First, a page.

Tech giants were thrust into panic mode this week when nearly two-decade-old vulnerabilities on devices used the world over were found to be perfect leverage for Spectre and Meltdown, two threatening bugs that affect almost every connected device.
Spectre and Meltdown are data exfiltration techniques that take advantages of flaws in nearly every central processing unit (CPU) used in computers and mobile devices today. These aren’t traditional vulnerabilities that can be found in an application like Microsoft Word or Chrome. Rather, these bugs take advantage of flaws in protections around the “kernel” of a CPU’s architecture – the area where raw, unencrypted data passes through extensive –previously assumed impenetrable – defenses to block outside parties from interfering.
Each of these bugs are techniques that work around the protections guarding content passing through the kernel, unveiling sensitive personally identifiable information (PII) like passwords or proprietary information that the computer processes.
Meltdown afflicts Intel processors, targeting the barrier that stops software and applications from accessing unrelated information within the kernel – such as passwords for other apps. Meltdown makes these barriers unreliable, allowing unrelated applications to interfere and interact with data collected by other programs on the device.
While Meltdown primarily concerns desktop and laptop computers, Spectre goes a step further, infecting Intel, AMD, and ARM processors. Spectre is also a bit sneakier – rather than weakening the barrier to the kernel, like Meltdown, Spectre tricks applications into sharing collected data with each other, opening major doors for data theft when malicious actors access the CPU.
This is particularly concerning for servers that facilitate multi-tenant cloud environments. Should Spectre or Meltdown infiltrate the defenses of a shared cloud’s kernel, all tenants are privy to potential breaches that could compromise business-critical data.
The first thing users need to do is ensure their systems are updated with the latest patches from Microsoft, Amazon, Google and other cloud providers.
iboss has confirmed our systems and cloud capacity are not vulnerable to Meltdown or Spectre. In addition, because The Distributed Gateway Platform leverages a non-shared cloud infrastructure, our customers are not faced with the risks (like Meltdown and Spectre) associated with multi-tenant or shared infrastructures. iboss’ unique architecture provides the option for both non-shared virtualized and non-virtualized nodes for heavily regulated industries. Both of these options provide unparalleled protection without sacrificing control of user data.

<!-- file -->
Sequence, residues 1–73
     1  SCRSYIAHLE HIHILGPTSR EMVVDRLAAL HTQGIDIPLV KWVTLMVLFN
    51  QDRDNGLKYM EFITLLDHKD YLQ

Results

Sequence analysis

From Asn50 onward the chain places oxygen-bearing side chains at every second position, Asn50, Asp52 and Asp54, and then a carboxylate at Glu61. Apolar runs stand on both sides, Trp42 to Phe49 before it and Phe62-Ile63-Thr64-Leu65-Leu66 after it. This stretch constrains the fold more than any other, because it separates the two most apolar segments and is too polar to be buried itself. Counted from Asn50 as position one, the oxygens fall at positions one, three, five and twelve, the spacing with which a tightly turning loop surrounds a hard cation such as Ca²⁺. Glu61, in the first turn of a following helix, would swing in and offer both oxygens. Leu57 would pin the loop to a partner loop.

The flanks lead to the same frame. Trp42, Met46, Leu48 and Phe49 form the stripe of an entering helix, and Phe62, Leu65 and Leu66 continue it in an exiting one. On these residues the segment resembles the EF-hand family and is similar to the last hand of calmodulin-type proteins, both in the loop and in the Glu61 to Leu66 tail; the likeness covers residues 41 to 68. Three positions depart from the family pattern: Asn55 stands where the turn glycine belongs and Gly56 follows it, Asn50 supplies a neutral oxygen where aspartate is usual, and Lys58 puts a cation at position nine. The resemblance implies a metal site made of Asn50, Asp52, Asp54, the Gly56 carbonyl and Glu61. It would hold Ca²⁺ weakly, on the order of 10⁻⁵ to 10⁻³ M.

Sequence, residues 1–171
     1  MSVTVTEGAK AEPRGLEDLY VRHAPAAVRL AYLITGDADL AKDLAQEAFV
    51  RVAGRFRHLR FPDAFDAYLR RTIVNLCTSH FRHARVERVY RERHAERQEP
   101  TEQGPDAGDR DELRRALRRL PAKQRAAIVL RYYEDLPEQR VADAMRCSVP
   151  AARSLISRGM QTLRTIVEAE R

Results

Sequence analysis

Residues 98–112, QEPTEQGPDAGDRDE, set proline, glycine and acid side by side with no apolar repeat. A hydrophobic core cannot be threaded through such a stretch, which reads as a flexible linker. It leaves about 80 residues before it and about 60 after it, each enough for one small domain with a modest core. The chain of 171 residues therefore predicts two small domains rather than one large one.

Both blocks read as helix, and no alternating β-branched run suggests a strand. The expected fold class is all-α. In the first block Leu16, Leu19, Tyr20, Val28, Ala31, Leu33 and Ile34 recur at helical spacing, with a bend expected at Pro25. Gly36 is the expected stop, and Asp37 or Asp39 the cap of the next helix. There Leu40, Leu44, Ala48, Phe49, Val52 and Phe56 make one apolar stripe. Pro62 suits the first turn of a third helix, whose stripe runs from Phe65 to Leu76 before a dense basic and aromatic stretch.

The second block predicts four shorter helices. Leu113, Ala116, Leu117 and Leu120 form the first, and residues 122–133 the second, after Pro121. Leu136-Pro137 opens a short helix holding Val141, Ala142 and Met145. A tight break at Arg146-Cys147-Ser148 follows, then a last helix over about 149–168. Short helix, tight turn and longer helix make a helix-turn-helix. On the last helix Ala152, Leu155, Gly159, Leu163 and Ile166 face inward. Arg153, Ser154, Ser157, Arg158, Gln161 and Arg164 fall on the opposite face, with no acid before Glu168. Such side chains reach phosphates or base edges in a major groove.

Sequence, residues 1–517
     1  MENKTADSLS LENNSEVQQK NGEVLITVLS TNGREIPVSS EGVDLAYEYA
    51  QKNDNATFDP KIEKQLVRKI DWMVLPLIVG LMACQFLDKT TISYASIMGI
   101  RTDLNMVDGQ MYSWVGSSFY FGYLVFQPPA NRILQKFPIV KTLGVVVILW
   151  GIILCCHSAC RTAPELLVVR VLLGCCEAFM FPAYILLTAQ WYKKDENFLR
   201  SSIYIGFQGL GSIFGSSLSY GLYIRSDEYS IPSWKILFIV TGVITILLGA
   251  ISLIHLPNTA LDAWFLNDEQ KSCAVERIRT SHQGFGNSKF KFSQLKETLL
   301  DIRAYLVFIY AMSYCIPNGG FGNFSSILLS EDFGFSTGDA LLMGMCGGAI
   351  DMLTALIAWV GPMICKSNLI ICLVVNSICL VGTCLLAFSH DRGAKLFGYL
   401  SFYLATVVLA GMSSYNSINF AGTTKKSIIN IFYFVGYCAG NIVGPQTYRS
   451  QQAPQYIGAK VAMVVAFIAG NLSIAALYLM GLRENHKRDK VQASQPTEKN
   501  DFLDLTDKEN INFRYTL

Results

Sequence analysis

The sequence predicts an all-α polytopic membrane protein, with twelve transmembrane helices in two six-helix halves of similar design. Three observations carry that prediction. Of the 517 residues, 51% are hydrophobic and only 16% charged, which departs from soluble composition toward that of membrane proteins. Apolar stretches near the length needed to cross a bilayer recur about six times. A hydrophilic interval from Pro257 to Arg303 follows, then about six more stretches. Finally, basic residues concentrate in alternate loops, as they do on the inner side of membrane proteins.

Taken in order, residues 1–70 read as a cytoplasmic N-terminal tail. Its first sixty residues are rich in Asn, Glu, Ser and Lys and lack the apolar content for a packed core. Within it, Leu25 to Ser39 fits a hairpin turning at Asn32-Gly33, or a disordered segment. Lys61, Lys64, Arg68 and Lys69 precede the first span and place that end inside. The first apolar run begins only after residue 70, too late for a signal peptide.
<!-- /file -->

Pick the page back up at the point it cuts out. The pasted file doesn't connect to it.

To learn more about the benefits of non-shared cloud environments read our whitepaper “Control Your Cloud: The Pitfalls of Shared Cloud Strategies.”
Paul Martini is the CEO, co-founder and chief architect of iboss, where he pioneered the award-winning iboss Distributed Gateway Platform. Prior to founding iboss, Paul developed a wide-variety of complex security and technology solutions for clients such as Phogenix, the U.S. Navy, and Hewlett Packard. He was also a key contributor at Copper Mountain Networks working on designing and implementing FPGAs and broadband network infrastructure used by Telcos to build the cloud. His work at Science Applications International Corporation (SAIC) involved building distributed real-time systems for companies such as Rolls Royce. Copper Mountain and SAIC both launched successful IPOs. Paul has been recognized for his leadership and innovation, receiving the Ernst & Young Entrepreneur of The Year award and being named one of Goldman Sachs’ 100 Most Intriguing Entrepreneurs. He holds a Computer Science Degree from the University of California, and has had his work published in many scientific journals, including the Journal of Foundations in Computer Science and the Journal of Analytical Biochemistry.